Sleeve opening 32 preferably is provided with a ceramic liner 34 which covers the inside surface of sleeve 16. While a ceramic liner is preferred, liner 34 may be of any non-magnetic electrically insulative material capable of withstanding the heating effects, and/or other conditions, created by the relative motion between piston 22 and sleeve 16.
Housing 12 covers sleeve 16 and closes the ends of sleeve central opening 32. Housing 12 optimally orients magnetic field lines such that the lines are perpendicular to the cylindrical surfaces of each conductive sheet layer 28 in sleeve 16. The housing also insures that electromagnetic force generated by device 10 is retained within the device, so as not to transmit noise to other electrical devices, such as radios, and the like. Housing 12 is provided with an opening 36 at one end thereof with the rod 26 slidably disposed therein. Typically, housing 12 is secured to a non-moving structure and rod 26 is secured to the vibratory source, but in some instances rod 26 is connected to the stationary structure and housing 12 to the moving structure. In still other instances, both the housing and the rod are secured to moving structures.
In operation, when rod 26 moves in response to vibratory energy from source S, piston 22 moves inside sleeve 16, inducing a voltage and current (i.e., an eddy current) in each conductive layer 28 of sleeve 16. The conductive layers, in turn, generate a magnetic field in proportion to the current induced in each layer 28. The magnetic field generated by layers 28 opposes the magnetic field of the piston 22 and thereby opposes the movement of piston 22 within sleeve opening 32.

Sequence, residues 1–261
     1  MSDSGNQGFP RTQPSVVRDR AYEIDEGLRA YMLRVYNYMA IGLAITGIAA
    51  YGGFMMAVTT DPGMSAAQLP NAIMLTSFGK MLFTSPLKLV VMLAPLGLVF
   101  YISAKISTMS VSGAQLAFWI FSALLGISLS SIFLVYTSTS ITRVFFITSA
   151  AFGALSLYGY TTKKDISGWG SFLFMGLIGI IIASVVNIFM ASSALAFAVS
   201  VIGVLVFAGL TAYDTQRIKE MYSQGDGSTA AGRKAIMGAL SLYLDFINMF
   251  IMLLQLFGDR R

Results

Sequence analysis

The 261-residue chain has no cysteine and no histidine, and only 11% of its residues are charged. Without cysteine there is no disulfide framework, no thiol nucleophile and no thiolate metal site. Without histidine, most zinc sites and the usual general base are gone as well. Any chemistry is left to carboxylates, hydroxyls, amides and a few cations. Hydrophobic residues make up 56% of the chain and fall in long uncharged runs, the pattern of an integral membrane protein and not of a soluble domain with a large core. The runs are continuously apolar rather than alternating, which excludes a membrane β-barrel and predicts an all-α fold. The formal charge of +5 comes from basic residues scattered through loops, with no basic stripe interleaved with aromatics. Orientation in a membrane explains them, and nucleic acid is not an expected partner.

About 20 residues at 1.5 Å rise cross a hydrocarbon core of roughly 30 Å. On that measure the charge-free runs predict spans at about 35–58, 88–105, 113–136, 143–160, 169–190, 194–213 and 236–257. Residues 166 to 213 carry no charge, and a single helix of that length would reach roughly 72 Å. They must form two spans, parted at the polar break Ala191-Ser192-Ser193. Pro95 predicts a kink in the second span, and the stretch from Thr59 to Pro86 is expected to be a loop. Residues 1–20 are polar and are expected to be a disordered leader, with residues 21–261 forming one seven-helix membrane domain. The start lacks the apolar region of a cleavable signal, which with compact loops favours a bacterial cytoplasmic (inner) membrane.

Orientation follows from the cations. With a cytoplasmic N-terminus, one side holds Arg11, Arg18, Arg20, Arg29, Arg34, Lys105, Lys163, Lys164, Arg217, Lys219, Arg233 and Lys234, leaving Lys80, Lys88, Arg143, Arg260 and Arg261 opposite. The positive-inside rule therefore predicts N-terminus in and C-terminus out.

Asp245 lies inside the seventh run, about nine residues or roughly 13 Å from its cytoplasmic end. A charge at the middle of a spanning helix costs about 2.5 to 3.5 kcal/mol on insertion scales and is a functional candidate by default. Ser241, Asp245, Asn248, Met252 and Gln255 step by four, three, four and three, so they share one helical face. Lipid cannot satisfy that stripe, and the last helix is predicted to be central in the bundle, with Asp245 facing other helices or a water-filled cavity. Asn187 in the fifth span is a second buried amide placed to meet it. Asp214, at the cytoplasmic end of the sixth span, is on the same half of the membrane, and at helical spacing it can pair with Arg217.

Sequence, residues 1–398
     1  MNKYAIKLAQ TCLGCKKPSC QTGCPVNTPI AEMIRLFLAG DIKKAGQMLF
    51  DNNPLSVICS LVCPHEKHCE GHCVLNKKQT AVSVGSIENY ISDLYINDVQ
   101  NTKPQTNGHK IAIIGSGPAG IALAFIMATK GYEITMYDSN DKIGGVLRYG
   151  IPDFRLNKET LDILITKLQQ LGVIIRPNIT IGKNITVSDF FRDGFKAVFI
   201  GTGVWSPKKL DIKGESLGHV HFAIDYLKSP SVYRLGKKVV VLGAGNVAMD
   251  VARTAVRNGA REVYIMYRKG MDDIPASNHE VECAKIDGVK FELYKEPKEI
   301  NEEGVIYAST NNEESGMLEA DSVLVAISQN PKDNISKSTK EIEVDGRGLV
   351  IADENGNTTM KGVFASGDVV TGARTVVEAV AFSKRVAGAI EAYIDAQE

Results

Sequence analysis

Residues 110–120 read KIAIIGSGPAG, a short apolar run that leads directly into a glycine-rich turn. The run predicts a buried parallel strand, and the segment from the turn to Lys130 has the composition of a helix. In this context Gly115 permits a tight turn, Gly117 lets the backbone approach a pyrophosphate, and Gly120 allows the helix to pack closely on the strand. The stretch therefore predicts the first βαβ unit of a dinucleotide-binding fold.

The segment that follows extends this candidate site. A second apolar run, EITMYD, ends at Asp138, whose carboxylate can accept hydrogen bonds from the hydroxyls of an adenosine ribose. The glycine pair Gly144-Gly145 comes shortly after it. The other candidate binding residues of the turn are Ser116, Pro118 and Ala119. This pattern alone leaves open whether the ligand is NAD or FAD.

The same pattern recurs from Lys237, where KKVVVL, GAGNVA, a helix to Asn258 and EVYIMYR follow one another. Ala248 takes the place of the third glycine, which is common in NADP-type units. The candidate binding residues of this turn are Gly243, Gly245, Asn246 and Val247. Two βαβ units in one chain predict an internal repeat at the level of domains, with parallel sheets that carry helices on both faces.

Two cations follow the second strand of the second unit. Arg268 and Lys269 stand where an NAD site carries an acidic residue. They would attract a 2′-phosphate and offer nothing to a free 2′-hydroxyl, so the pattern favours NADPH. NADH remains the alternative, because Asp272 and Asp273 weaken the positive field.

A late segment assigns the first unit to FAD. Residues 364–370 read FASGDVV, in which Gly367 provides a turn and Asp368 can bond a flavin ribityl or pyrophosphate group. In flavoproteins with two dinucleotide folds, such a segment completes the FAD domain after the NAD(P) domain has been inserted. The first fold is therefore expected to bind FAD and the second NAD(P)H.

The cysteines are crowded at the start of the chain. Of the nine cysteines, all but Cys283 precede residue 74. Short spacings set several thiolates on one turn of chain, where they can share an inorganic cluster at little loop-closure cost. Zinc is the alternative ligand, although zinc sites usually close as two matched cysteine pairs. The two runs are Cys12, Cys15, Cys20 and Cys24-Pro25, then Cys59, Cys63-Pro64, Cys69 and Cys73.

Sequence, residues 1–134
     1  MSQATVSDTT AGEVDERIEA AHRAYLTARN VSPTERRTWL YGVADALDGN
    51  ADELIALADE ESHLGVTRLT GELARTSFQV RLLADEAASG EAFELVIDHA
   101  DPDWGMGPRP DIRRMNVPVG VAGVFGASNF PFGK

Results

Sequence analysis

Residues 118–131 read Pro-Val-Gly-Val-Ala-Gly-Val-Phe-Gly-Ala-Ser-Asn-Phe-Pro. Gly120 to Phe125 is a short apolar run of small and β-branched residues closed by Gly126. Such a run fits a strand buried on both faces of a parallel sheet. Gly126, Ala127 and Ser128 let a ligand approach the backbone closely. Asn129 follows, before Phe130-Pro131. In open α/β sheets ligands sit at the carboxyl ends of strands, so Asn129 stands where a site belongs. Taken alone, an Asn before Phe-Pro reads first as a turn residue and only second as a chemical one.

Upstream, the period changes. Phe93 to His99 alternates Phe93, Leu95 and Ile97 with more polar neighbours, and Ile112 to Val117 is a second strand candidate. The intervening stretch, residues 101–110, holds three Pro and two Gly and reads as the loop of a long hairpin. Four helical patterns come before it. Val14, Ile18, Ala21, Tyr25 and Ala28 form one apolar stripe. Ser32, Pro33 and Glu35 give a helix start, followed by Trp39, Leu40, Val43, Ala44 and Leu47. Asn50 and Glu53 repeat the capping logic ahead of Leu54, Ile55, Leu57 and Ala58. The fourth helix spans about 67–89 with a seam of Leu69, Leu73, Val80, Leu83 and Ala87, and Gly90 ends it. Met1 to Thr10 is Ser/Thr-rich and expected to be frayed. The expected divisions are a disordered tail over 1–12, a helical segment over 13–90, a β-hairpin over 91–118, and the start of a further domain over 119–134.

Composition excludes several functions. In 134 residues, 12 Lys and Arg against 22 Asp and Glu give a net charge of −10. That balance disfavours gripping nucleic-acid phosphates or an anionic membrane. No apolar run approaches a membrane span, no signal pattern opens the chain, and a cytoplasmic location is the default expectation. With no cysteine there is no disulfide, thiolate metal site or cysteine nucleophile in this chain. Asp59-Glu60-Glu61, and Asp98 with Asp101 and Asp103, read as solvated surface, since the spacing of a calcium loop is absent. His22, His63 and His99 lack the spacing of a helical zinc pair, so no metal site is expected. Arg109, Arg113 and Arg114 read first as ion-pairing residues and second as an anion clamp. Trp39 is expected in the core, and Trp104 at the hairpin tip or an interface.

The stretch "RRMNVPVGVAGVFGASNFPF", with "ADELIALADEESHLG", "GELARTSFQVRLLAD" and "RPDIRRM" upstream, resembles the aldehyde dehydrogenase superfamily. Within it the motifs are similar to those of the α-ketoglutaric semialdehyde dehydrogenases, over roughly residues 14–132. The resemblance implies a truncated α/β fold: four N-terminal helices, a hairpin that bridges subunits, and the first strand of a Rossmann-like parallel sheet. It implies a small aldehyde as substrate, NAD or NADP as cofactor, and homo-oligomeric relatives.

It is well known in the art that electromagnetic force induced in a material relates to the rate of change of magnetic flux through the material. Thus, there are three parameters of particular importance; the surface area of layers 28 exposed to the piston's magnetic flux, the relative speed of piston 22, and the piston's field strength. The term relative speed is used to describe the speed associated with the relative motion between piston 22 and sleeve 16, since either or both the piston and sleeve can be in motion with respect to the other. As such, the relative speed of the piston directly affects the rate change in the flux field. For example, a larger current is induced when piston 22 moves faster through opening 32, all other things being equal. The surface area affects the number of flux lines which can induce a current or voltage. With a larger surface area, more flux lines affect the conductive material, thereby inducing larger currents and voltages.